Edward Snowden

Global Scan

A Russian billionaire offers to help save the dogs of Sochi

Sochi's dogs were recently described as pests, expected to be exterminated from the Olympic venues. But that cavalier attitude prompted international outrage and at least one Russian billionaire has opened up his wallet to help save some of Sochi's dogs. Meanwhile, in the UAE, the government is ready to launch a drone delivery service. And a homeless man in England looks set to return to his native Jamaica, thanks to the generosity of strangers.

Global Scan

A Nobel Peace Prize for Edward Snowden?

A former Norwegian minister nominates Snowden for the Nobel Peace Prize. India's highest court maintains the country's ban on gay sex. And an Iranian teacher stands up for a stricken student who is bullied. All that and more, in today's Global Scan

Global Scan

Sochi Olympics will have security on full display

The investigation continues into the terrorist attacks in Russia earlier this week. While there's been no claim of responsibility, officials are already worrying about what it means for the Olympics. Security is expected to be unprecedented. Plus Jihad Jane looks set for a long prison sentence and Edward Snowden pushes Julian Assange out of the spotlight in today's Global Scan.

Global Politics

Edward Snowden is OK with what he's given up to start a debate on surveillance

Washington Post contributor Barton Gellman sat down with Edward Snowden in Moscow for a 14 hour interview, recently. It was the former NSA contractor's first major interview since he was granted asylum in Russia. Gellman describes Snowden as something of a shut-in who doesn't mind living alone in his Moscow residence, now that he's sparked an international debate on surveillance.

Global Scan

This artist is taking snow angels to an extreme

Call it snowshoe art or perhaps folly in the freezing cold, but it takes imagination to create patterns that you can only see from a distance. And Alan Turing, the father of computer science, gets a posthumous pardon from Britain. Pakistan's long experiment in natural-gas cars is crashing. We also explore why Muslims and Jews are celebrating Christmas, and more, in today's Global Scan.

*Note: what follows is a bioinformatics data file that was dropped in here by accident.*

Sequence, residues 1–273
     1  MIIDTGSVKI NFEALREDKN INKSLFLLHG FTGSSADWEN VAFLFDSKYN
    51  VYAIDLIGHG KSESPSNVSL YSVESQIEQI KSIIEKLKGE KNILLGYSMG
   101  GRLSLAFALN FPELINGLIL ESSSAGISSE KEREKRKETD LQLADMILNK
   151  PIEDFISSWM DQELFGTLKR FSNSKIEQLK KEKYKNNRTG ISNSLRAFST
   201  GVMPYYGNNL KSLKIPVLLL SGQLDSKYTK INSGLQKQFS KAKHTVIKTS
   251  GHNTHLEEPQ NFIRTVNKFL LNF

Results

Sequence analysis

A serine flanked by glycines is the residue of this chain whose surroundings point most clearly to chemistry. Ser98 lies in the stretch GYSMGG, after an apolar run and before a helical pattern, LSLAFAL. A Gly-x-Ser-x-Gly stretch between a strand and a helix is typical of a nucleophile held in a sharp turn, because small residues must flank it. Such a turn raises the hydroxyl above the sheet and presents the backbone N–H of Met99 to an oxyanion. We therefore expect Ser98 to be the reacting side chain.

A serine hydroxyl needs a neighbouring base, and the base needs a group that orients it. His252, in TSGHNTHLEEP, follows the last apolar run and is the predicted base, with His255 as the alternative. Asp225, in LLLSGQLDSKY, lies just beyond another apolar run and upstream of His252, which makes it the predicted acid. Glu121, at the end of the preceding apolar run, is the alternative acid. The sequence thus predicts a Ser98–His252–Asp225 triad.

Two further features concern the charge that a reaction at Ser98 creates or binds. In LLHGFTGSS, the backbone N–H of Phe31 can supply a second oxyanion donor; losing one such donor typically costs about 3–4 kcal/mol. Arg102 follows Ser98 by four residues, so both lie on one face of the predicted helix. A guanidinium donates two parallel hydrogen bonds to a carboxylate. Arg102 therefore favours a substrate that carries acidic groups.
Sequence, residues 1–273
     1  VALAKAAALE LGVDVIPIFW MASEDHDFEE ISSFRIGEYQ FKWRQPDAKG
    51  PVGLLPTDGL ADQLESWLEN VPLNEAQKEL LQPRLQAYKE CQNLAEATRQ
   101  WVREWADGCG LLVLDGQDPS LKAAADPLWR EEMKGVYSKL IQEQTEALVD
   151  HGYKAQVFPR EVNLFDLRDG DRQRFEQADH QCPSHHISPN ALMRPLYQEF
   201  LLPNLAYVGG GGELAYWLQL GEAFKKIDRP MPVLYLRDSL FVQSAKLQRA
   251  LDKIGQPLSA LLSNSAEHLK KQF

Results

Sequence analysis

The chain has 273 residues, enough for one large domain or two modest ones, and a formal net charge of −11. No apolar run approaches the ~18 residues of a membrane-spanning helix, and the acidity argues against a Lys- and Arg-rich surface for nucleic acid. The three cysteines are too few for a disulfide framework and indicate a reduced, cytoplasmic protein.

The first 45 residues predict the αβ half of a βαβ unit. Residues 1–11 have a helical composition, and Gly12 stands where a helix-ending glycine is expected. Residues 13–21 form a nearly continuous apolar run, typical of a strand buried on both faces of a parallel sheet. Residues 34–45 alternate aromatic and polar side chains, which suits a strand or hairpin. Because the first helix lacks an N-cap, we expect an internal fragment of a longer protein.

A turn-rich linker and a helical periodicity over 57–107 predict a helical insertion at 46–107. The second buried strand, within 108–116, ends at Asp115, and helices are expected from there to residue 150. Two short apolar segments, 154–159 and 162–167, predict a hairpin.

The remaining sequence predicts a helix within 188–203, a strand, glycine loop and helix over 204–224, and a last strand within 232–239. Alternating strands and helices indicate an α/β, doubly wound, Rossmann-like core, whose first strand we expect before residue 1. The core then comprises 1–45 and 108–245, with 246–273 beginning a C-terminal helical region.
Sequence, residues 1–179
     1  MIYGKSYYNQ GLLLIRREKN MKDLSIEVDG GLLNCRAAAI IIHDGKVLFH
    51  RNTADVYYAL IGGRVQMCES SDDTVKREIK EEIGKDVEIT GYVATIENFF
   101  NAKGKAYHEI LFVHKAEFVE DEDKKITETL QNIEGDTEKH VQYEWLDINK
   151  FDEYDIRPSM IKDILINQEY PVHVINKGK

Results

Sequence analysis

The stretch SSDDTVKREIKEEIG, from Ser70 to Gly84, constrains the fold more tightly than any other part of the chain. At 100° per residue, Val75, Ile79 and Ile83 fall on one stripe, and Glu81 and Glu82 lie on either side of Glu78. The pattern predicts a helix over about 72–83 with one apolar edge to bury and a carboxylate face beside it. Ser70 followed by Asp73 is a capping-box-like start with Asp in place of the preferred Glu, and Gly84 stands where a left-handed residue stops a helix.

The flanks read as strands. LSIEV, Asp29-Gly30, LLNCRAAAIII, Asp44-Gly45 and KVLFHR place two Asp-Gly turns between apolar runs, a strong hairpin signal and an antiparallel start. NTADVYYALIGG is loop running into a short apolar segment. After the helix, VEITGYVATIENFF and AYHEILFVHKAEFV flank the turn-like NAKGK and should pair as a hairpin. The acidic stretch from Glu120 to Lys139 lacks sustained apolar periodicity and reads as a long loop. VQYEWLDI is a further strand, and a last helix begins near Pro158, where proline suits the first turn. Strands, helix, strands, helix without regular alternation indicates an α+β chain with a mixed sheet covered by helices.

Global Scan

So just where will the NSA stop?

A judge rules against the NSA's widespread surveillance, while Edward Snowden applauds and offers to help Brazil block NSA eavesdropping on its citizens. Also, an international spat begins when the US arrests an Indian diplomat for underpaying her housekeeper. And the Boston Globe finds mental illness may have played a role in the Boston Marathon bombing. All that and more, in today's Global Scan.

Global Scan

This artist is taking snow angels to an extreme

Call it snowshoe art or perhaps folly in the freezing cold, but it takes imagination to create patterns that you can only see from a distance. And Alan Turing, the father of computer science, gets a posthumous pardon from Britain. Pakistan's long experiment in natural-gas cars is crashing. We also explore why Muslims and Jews are celebrating Christmas, and more, in today's Global Scan.

Global Scan

What might have happened if Kennedy had lived?

The Cuban missile crisis had an epilogue that few know — the Kennedy administration was in secret talks with Cuba around a reconciliation. In current news, several women in London have been held in slavery for years, Europe contemplates its own NSA-proof cloud computing facility, and we visit Ford Nation — the Toronto mayor's fans who insist they'll vote for him again. All that and more, in today's Global Scan.

Global Scan

Sochi Olympics will have security on full display

The investigation continues into the terrorist attacks in Russia earlier this week. While there's been no claim of responsibility, officials are already worrying about what it means for the Olympics. Security is expected to be unprecedented. Plus Jihad Jane looks set for a long prison sentence and Edward Snowden pushes Julian Assange out of the spotlight in today's Global Scan.

Global Scan

Censorship? It's as bad as ever in Egypt

When the revolution deposed President Hosni Mubarak, Egyptians thought they had gotten rid of censorship, too. But today's cartoon mocks the continuing censorship by the new military government. Also, why are Spaniards the most common cocaine users in Europe. And a Cold War-style confrontation is brewing between the US and China in the Pacific. All that and more, in today's Global Scan.

Global Scan

A Nobel Peace Prize for Edward Snowden?

A former Norwegian minister nominates Snowden for the Nobel Peace Prize. India's highest court maintains the country's ban on gay sex. And an Iranian teacher stands up for a stricken student who is bullied. All that and more, in today's Global Scan